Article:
Last summer, I was sitting at my mother’s breakfast table talking politics, when my daughter popped her head out from behind the comics and asked, “Mom, what’s abortion?”
I don’t recall how old I was when I first heard the term. I’ve been Pro-Choice as long as I can remember. My litmus test for any political candidate is: how firm their stand on Choice is? I really do believe that abortion should be safe, legal, and rare. I also believe that sex education and access of birth control are human rights and the best way to prevent abortion.
With all that, I was unprepared to explain abortion to my daughter. Racism, sexism, rape, testicles, mean girls and so many other things, I’d prepped myself to talk about, but not this.
To begin with for a tween, the idea of having sex for any reason other than to get pregnant is incomprehensible. Her assessment of our very frank where-babies-come-from discussion was “That’s disgusting. I’m never doing that.”
The idea that a woman would willingly engage in sex, get pregnant, but not want to have a baby didn’t make sense to her. Her first reaction to the concept of intentionally ending a pregnancy was, “That’s wrong.”
And my heart sank.
My mother and I spent that next half hour explaining why a woman might not want to continue with a pregnancy and why that choice should be hers alone. We talked about how irrevocably pregnancy and motherhood changes your life and how every woman should make that decision for herself. We talked about why giving the baby up for adoption isn’t a solution for everyone. We talked about how some politicians wanted to make laws restricting our right to make these decisions. “Well, nobody should tell you what you can and can’t do with your own body,” my daughter announced with same absolutism she had when she pronounced abortion was wrong. I breathed a sigh of relief. My daughter understood why we’re a Pro-Choice family. And we piled into Subaru to head off to swim lessons.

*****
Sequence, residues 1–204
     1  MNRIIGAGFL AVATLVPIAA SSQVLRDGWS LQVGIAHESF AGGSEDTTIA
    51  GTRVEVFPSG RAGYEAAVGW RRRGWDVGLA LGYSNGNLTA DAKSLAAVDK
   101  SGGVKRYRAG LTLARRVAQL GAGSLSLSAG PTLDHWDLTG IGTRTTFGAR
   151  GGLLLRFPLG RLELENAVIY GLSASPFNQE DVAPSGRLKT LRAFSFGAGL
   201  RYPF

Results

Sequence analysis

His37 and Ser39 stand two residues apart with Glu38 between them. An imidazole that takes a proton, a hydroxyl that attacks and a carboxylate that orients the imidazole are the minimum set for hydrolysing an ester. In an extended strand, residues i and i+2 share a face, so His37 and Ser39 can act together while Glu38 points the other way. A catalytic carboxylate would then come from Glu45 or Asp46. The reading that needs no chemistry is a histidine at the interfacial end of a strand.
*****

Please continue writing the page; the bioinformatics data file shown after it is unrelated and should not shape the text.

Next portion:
But I worried that I had made this decision for her, because it’s so important to me.
This week when Alabama’s abortion ban was signed into law, abortion became lunchroom conversation at her middle school. Fueled by steady diet of NPR, The New York Times and Rachel Maddow, my daughter and the girls at her lunch table are vocally Pro-Choice. But my daughter still struggles with of her personal rights versus the idea of killing a baby.
She’s a science kid, so our discussions have revolved around when does a group of cells inside a woman’s body become an independent human being with rights of its own. We’ve also talked about the fact Roe vs. Wade is based on the implied right to privacy in The Constitution and about the fact that the men who wrote The Constitution weren’t even thinking about women. I’ve told her that if I had gotten pregnant when I was 18 or 20, I would have had an abortion. It wouldn’t have been an easy choice, but it would have been a clear one.
She still believes that abortion is wrong for her.
But she also believes that a woman has to be able to make that decision for herself. It scares her that her rights under attack. We talk about it when I tuck her in at night. I tell her there are many people who believe what we do and we’re all everything we can. But as her mother, I can’t tell her not to worry. My child is growing up in a time of fear.